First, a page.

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Murph: Re-signing Joc was a good move, and it should be only the beginning

© Benny Sieu | 2022 Sep 8

All right, Farhan. When you’re done with that Zoom call with Gabe at the local coffee shop — does Gabe have a portable Hot Spot? Starbucks WiFi? Philz? Peet’s? Can the Dodgers and Padres hack in? — let’s resume shopping.

Because you have plenty o’ cash and the Giants have plenty o’ needs.

It was interesting to note how many Giants fans were taken aback by the Giants offering Joc Pederson the $19.65 million qualifying offer.

First off, the number wasn’t plucked out of thin air. Since 2012, the qualifying offer is calculated by taking the average of the salaries of the top 125 players in baseball. So, $19.6 is an average salary for a top 125-player.

Is Joc Pederson a top 125 player? At least. In advanced metrics, he’s a top-10 guy when it comes to exit velocity and barrels/plate appearance. No joke. Pederson is 5th, right up there behind Aaron Judge, Yordan Alvarez, Giancarlo Stanton and Kyle Schwarber in average exit velocity. That’s some tall cotton, kids.

And yet, as we know from the great philosophers, life is not all about exit velocity.

Pederson’s value is diminished by a couple of factors.

  1. He can’t hit lefties. Like, at all. 
  2. He was a butcher in the outfield last year. Don’t believe me. Believe the Outs Above Average leader board, in which Pederson ranked 257th out of a possible 267 players.

(Fun fact: Juan Soto was 266th of 267! True story.)

But the point is, Joc brings value at the plate, and the Giants paid him for that value, and if it seems exorbitant — well, it’s not that exorbitant, per MLB average; and they have money to spend. They might as well spend it on a dude who brings some oomph to the park.

Pederson’s one-year salary becomes the highest on the team. It exceeds Brandon Crawford’s $16 million salary in 2023, and Alex Wood’s $14 million salary in 2023 and Tommy La Stella’s $11.5 million salary in 2023 — *each of which comes off the books in 2024.*

In fact, the Giants are currently committed in 2024 to a grand total of $28.5 million in payroll, as I was just saying to my section’s beer vendor as I paid $16 for an IPA.

Read my lips: The. Giants. Have. So. Much. Payroll. Flexibility.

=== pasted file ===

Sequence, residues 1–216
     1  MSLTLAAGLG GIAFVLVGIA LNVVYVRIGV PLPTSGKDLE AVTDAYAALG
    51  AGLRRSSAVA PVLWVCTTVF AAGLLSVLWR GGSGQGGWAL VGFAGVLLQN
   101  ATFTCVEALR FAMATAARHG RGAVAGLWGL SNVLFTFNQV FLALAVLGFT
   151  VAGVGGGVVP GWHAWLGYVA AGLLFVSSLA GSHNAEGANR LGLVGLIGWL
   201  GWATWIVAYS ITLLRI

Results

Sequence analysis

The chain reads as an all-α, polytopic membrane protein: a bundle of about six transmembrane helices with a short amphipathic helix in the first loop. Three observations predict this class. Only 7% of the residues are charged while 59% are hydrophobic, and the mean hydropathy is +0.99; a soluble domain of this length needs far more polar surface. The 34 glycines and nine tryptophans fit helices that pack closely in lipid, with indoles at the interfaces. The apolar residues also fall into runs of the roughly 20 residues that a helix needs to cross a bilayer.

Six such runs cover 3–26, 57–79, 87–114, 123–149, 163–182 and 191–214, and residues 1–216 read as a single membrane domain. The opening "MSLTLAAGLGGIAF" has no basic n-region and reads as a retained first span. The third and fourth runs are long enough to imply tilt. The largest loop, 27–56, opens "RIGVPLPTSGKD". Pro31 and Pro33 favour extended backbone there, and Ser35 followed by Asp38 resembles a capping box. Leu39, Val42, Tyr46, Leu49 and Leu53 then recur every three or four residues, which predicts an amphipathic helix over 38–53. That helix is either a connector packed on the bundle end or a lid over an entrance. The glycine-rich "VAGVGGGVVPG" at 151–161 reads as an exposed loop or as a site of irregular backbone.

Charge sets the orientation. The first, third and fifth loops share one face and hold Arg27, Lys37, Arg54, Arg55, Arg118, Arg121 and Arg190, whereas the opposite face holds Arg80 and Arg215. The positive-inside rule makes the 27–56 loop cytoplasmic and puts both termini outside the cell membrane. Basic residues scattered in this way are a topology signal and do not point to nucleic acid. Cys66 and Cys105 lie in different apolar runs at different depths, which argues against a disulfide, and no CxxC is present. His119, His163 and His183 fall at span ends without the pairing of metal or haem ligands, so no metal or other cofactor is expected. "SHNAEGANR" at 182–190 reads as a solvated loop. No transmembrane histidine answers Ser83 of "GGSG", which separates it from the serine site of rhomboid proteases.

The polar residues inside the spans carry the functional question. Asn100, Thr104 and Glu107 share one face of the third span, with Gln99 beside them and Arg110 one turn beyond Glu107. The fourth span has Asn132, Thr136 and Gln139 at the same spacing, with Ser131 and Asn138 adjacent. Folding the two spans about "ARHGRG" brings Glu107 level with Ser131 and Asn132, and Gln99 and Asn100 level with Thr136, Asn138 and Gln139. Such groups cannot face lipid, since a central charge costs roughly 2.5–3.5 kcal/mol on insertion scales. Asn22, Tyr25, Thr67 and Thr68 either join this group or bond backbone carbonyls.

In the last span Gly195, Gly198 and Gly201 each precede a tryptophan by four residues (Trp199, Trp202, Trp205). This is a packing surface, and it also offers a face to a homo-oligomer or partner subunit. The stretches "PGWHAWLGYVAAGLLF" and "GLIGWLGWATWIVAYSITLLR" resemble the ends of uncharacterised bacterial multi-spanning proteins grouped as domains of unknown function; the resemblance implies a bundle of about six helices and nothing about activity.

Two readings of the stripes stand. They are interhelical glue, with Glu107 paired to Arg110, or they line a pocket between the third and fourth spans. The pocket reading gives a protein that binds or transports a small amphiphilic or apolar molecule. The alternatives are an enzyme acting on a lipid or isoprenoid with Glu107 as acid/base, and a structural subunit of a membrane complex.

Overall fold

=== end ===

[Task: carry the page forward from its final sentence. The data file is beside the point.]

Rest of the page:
So I’m not concerned that Joc got $19 mil. Hell, I’m glad they have someone who will be DH in the majority of the games who can actually hit. And I’m glad he’ll be hitting with no shift. Bottom line: it’s a good move.

Now the other bottom line: this should be the precursor to some big-time moves.

I can’t promise you Aaron Judge. In fact, after Jock Blogging about the excitement over the Randy Miller/ rumors that the Giants are all-in on Judge, a couple of developments have since cooled my jets. One, Dave Flemming — who is a much more rational man than yours truly — said it didn’t pass his “smell test”. (And I love a good smell test, particularly when it involves banana bread or Tollhouse cookies.)

And two, Hal Steinbrenner met with Judge this week and was bullish about the idea of Judge staying a Yankee. I mean, of course the Yankee president is going to say that, but still. This, on the day that Judge’s buddy Anthony Rizzo re-upped as a Yankee, and when asked why, said: “I just love being a Yankee.” Gulp. That sounds like an appealing sales pitch to the Linden Flash, Aaron Judge.

But I can hope to promise you something good will happen. Farhan is like the contestant in “The Price Is Right” who has so much money to spend on various items — with $100, you shout out that you want the blender for $25 and the beach chair for $10 and the Rice-a-Roni for $7 and on and on until you spend it all.

Judge would be nice. So would Carlos Correa or Trea Turner or Dansby Swanson or even our old pal Carlos Rodon.

Don’t worry about Joc’s salary. He hits the ball hard. He shows up at Warriors games. He’ll kill right-handed pitching.

Let’s just make sure it’s the beginning of something big. By spending already, the Giants are telling us it might be.


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